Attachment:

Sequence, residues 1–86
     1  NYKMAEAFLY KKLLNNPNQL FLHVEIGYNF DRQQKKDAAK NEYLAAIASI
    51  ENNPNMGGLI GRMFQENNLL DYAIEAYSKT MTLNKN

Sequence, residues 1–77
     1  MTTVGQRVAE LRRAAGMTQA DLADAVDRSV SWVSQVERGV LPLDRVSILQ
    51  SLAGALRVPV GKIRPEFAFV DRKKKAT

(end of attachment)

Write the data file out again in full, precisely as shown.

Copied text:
Sequence, residues 1–86
     1  NYKMAEAFLY KKLLNNPNQL FLHVEIGYNF DRQQKKDAAK NEYLAAIASI
    51  ENNPNMGGLI GRMFQENNLL DYAIEAYSKT MTLNKN

Sequence, residues 1–77
     1  MTTVGQRVAE LRRAAGMTQA DLADAVDRSV SWVSQVERGV LPLDRVSILQ
    51  SLAGALRVPV GKIRPEFAFV DRKKKAT